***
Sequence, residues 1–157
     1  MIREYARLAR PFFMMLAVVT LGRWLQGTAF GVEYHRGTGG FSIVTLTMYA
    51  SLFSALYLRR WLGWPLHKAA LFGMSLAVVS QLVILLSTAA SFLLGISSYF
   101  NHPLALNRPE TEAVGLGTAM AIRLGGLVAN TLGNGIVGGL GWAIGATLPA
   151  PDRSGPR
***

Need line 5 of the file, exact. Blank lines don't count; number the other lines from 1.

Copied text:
   151  PDRSGPR